Osborne is truly the heir to Brown, although I doubt Gordon was big on coke and hookers in his student days. He's the heir in that the tax rises only become apparent in the days after the budget, couched in terms like "simplification" (a great phrase for his granny tax) and "correcting anomalies".
The "Greggs Tax", which adds 20% to the cost of food if it's bought hot (effectively taxing a pasty from the bakers like a restaurant meal), will, apart from wiping out the supermarket rotisserie counter (but good news ! when the chickens are stone cold there'll be no VAT!), do terrible damage to Swansea.
At the literal and metaphorical heart of Swansea Market (itself the heart of what the developers have left of the city) are the two stalls which make Welsh cakes on hotplates. There are other stalls selling the cakes, but aficionados like them hot. Whenever I'm there (quite often) I'll pick up some cold ones to take home and for work colleagues, and hot ones to eat within the hour at a relative's. Round the cake stalls are laver bread, cockles, local butter and cheese and other goodies. You may gather I'm fond of the place.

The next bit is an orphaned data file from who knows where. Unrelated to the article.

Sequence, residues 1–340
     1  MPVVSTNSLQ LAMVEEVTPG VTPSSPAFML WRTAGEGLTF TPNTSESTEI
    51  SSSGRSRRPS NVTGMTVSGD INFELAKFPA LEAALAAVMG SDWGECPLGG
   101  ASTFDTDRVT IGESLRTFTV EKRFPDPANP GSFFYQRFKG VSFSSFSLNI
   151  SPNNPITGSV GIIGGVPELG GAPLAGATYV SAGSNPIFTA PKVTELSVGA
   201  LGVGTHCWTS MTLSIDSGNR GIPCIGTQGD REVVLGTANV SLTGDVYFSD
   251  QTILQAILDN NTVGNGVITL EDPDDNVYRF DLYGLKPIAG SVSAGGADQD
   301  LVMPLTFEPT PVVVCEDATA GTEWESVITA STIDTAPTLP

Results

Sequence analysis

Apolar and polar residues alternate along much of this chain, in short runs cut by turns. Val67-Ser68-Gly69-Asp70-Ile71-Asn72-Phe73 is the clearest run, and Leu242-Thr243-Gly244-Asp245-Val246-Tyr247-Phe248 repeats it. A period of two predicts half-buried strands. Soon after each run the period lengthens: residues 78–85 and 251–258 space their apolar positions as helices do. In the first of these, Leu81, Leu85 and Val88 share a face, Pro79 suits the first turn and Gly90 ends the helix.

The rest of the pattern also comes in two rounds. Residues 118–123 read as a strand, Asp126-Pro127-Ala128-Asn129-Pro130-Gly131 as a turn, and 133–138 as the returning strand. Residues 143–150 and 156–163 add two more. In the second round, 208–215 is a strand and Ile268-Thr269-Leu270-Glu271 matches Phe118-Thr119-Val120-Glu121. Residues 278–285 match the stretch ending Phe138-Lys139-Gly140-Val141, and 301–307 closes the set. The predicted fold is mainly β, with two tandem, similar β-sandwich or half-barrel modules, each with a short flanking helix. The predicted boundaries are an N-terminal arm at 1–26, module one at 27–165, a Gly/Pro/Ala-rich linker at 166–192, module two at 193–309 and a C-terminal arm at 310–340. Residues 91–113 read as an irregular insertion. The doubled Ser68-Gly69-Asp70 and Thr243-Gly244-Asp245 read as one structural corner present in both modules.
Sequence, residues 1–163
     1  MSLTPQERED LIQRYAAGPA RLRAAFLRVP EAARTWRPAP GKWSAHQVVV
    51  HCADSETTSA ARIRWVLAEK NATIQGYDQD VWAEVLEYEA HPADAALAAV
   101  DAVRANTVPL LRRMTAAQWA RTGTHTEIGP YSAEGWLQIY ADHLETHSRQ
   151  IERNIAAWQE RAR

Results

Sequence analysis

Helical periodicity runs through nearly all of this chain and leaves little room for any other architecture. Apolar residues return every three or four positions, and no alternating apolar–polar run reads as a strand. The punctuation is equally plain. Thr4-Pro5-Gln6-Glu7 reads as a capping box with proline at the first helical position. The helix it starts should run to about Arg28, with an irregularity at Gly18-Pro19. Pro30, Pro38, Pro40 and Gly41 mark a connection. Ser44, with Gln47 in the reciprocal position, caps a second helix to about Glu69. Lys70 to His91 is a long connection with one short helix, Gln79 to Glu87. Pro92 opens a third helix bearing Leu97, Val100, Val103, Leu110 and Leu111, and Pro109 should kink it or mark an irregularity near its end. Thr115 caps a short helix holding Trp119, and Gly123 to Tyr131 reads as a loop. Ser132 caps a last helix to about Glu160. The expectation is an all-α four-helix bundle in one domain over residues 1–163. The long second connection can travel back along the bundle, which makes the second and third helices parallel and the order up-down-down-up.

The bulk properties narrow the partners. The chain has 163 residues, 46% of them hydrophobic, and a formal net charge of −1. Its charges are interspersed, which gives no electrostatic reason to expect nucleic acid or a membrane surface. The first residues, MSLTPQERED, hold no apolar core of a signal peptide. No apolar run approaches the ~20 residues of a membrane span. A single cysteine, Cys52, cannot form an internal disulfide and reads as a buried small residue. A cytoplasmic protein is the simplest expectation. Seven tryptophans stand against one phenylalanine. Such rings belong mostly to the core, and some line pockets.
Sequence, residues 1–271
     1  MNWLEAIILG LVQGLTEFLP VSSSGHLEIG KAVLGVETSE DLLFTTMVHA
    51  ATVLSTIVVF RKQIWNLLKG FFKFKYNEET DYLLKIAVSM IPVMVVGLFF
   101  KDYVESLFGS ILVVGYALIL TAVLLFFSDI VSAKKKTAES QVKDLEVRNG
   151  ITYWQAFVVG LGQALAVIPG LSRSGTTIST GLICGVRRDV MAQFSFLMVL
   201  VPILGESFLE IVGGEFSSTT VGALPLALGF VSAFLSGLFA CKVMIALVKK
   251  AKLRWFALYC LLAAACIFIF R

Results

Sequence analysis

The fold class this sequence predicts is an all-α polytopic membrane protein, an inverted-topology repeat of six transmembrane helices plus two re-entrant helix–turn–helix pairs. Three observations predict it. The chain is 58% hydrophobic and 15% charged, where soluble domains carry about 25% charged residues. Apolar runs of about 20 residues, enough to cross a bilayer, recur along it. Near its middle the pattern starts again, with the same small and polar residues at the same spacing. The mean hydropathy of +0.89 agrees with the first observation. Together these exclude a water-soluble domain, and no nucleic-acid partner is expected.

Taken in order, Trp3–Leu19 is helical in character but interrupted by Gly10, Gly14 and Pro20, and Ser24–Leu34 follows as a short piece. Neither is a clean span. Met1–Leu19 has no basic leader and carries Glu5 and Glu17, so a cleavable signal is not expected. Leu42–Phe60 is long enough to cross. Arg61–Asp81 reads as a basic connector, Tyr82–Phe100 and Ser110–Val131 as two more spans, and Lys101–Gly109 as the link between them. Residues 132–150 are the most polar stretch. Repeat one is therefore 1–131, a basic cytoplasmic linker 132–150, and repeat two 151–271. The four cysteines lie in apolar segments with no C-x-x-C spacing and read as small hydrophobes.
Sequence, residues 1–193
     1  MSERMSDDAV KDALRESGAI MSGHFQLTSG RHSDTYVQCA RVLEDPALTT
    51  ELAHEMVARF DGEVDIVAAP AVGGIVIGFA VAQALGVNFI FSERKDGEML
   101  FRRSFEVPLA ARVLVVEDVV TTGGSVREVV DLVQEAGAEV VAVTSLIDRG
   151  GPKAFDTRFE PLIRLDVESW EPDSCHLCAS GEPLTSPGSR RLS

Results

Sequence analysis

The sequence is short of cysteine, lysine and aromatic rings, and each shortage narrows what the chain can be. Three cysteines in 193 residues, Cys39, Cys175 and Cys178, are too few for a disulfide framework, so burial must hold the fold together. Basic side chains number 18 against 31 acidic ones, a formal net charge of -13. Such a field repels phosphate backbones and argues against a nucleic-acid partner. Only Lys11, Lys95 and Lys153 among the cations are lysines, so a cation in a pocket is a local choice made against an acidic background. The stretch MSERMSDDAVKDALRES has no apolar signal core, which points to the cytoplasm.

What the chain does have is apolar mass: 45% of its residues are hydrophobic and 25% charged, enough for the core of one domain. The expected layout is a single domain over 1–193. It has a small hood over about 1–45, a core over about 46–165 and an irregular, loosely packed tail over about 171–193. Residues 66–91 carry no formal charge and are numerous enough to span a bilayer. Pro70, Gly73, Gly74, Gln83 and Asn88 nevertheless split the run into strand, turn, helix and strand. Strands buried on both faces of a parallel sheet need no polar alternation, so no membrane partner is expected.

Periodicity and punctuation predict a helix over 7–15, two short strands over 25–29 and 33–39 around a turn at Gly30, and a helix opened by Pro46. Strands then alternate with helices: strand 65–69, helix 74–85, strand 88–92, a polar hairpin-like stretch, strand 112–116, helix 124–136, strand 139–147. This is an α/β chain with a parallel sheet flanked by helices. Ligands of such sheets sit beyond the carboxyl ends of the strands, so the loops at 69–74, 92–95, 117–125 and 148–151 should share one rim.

Hot cakes are already more expensive than the cold ones on other stalls, which are baked offsite. Adding a 20% tax to these cakes is a cruel blow to these small but historic businesses and to Welsh cake lovers all over the civilised world.
I doubt very much that Osborne has ever set foot in Swansea Market. It may not be his fault, but in the Commons he has the air of someone who at school might have delighted in holding lower-form boys heads in the toilet then pulling the chain.
I hope that the Welsh Assembly will be in uproar over this iniquitous tax. Let's see what the Plastic Parliament in Cardiff is made of. If ever a tax strike could command overwhelming support it would be here.